Angelman syndrome is a genetic disorder that primarily affects the nervous system and causes delayed development, intellectual disability, speech impairment and problems with movement and balance. Other common signs and symptoms may include seizures, a small head size, unusually fair skin, light-colored hair, scoliosis, an excitable demeanor, frequent laughing or hyperactivity. It affects approximately one in 20,000 people.
Angelman syndrome is usually detected once a baby reaches six to 12 months or is old enough for the developmental delays to become noticeable. There is no known cure for the syndrome, but there are several treatments that may assist in development or functioning. Treatment options include anti-seizure medication which is helpful in controlling and preventing seizures, physical therapy for help with walking and movement, communication therapy to help the individual learn how to express themselves if they are unable to talk and behavioral therapy to help overcome some of the hyperactivity or inability to focus.
Every person with Angelman syndrome has a different level of development and ability. Often people with this syndrome have difficulty walking and balancing. Many are never able to speak, but learn to communicate in other ways. Generally people with Angelman syndrome do not progress intellectually or cognitively beyond the level of a toddler or young child. Recurrent seizures can also be a challenge, though they often improve by the time the child reaches adolescence. Children with the syndrome often appear very happy and excitable, can be quite hyperactive and have difficulty sleeping. These symptoms will usually reduce by adolescence as well. Older adults with the syndrome may experience stiffening of the joints and are at a higher risk for obesity. People with Angelman syndrome usually require lifelong care.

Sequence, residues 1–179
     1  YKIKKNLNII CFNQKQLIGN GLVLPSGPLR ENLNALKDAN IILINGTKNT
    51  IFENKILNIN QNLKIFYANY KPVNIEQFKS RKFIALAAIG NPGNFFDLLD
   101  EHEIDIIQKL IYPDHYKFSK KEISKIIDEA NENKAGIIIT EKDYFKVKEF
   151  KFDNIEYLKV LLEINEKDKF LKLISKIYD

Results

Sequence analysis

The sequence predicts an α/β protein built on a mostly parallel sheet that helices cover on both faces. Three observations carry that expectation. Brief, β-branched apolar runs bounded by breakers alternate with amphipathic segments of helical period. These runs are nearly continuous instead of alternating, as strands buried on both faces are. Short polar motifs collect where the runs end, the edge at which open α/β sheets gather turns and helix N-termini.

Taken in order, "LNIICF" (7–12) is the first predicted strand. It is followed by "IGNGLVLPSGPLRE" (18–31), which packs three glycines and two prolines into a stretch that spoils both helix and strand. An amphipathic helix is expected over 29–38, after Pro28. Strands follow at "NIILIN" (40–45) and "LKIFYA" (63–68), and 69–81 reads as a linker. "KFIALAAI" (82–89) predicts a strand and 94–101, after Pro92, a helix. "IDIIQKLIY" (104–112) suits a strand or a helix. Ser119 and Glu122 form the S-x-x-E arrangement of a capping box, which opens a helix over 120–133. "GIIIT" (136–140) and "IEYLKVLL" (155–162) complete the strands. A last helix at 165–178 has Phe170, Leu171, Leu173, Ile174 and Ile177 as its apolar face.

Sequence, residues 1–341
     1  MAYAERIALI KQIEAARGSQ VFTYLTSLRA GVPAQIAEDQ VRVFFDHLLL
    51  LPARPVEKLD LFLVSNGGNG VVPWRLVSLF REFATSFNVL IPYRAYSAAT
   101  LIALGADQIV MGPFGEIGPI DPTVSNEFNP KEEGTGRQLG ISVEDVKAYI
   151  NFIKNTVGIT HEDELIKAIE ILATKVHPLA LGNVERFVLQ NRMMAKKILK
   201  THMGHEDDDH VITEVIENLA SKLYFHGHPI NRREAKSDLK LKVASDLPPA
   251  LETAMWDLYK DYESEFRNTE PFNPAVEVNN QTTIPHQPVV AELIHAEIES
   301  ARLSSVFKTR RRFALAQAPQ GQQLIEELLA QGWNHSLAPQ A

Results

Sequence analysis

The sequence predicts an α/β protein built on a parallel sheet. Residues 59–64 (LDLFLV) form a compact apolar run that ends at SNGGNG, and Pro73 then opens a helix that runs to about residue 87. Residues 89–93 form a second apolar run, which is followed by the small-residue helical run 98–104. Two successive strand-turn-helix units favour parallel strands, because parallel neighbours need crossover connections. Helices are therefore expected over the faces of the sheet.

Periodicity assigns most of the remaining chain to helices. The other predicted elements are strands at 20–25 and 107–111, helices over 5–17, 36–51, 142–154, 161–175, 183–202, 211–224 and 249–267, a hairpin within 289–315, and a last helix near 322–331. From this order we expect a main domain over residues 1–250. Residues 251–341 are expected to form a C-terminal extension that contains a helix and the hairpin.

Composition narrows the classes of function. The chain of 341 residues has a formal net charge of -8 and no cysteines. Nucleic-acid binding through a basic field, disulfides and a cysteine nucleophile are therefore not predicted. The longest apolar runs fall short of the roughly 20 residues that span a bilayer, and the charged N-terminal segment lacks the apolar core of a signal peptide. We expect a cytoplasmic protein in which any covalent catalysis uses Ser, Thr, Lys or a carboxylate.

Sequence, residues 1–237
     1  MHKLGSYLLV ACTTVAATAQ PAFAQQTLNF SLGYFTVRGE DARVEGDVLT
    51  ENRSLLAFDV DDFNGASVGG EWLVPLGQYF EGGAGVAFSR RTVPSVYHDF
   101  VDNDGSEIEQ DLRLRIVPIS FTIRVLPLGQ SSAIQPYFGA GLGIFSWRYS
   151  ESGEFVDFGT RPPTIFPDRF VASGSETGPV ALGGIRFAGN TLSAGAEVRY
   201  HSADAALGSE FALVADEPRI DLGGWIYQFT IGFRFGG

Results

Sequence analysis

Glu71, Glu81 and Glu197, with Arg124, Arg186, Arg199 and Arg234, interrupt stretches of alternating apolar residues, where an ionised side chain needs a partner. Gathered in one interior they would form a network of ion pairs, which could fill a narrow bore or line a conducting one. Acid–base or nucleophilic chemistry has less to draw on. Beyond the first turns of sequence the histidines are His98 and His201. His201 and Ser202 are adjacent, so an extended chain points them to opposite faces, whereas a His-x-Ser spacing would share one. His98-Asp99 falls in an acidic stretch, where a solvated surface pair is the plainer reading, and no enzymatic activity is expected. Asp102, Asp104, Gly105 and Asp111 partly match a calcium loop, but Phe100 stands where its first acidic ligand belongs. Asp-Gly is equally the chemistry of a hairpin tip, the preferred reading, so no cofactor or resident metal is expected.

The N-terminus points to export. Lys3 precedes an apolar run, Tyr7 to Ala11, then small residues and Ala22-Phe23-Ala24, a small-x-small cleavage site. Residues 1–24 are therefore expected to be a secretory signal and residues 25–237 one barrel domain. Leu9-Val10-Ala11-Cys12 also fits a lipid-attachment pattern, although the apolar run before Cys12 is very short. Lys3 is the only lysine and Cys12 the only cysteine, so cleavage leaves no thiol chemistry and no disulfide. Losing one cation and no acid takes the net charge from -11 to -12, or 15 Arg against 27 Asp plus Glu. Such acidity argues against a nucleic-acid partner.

There are several organizations that fund research and provide information and support to those living with Angelman syndrome. There are also support groups available for the family and friends of individuals with the syndrome to connect with one another.